A son of the Greek god Poseidon, Percy inherited powers over water and a telepathic link to horses - and, like all half-blood children of the Olympic gods, an unusual attraction to monsters out of Greek mythos. With his friends Annabeth (daughter of Athena, godess of wisdom) and Grover (a satyr), he's fought all manner of impossible foes, visited the kingdom of Hades, and even challenged Titans. But worse is to come. Kronos, Titan lord of time, has regained material existence. Even now, he marches on Olympus with an army of monsters, fellow Titans, and half-bloods who turned on their own absentee parents. The Great Prophecy foretold that a heroic half-blood would decide the fate of the known world in the climactic battle to come... but it also predicted that hero's death. To save his friends and his family, Percy must be willing to make the ultimate sacrifice - and even that might not be enough to stop Kronos from succeeding.

REVIEW: Percy's adventures are a fun hybrid of modern humor with classical Greek myths, fast-paced and easily accessible even to those of us who weren't obsessively reading Homer through our formative years. Riordan concludes the series with an appropriately cataclysmic confrontation between god and Titan, monster and hero, and even father and son. Some of the plot twists were obvious, but not all of them. Not everyone makes it through to the ending, and those who do find that their roles in the finale aren't at all what they expected. The book feels overlong at times, with some sequences running a few pages past the point of impact. Overall, I found the series very entertaining, well worth reading.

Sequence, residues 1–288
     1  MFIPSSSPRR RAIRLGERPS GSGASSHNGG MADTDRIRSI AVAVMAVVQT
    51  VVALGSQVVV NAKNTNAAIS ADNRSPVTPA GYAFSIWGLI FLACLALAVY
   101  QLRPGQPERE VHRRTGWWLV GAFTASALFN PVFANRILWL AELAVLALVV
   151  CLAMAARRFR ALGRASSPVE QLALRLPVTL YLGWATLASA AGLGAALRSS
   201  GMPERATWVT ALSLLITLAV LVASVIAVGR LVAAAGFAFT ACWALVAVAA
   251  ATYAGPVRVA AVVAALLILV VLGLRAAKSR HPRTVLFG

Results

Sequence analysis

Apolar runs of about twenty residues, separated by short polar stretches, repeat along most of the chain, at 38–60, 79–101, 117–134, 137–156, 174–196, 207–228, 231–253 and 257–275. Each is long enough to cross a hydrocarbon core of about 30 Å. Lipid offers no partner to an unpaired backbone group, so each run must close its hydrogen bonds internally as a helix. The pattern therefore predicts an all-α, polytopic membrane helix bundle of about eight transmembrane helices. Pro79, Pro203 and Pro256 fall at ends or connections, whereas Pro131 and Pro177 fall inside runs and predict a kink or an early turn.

Thursday, February 3, 2011

The Art of War for Writers (James Scott Bell)

The Art of War for Writers
James Scott Bell
Writer's Digest Books
Nonfiction, Writing
***** (Great)

The Art of War for Writers: Fiction Writing Strategies, Tactics, and Exercises
DESCRIPTION: It looks easy enough. Grab that story idea flitting around in your head, pin it down on paper, ship it off to an editor, and presto! Kick back to enjoy a carefree life as a famous author! Right?
As anyone who has tried writing knows, it's not as easy as that. Writing is more like a battle than a walk in the park, and any general worth their salt will tell you that battles cannot be won without a plan. James Scott Bell, a published novelist, adapts the classic treatise on war by Sun Tzu for writers.

REVIEW: I bought this book because the title leaped out at me. I've had writing ambitions for longer than I can reliably remember, but seem to have trouble getting from ambition to action. (I have a couple finished rough drafts, many more unfinished fragments, and that's about it.) This looked like a good kick-in-the-pants book to... well, kick me in the pants. Bell doesn't play games, pull punches, or take flowery side trips down Anecdote Avenue. He offers direct, practical advice in short, manageable chapters, covering everything from idea generation to agent queries. In between, he emphasises the practical, honest truth: a writer who doesn't take their writing as seriously as their day job is guaranteed to never be more than a daydreamer at a keyboard.
For being exactly what it claimed to be, and for delivering new information in a memorable way, I give it top marks.
Now, if you'll excuse me, I have a nightly writing quota to meet.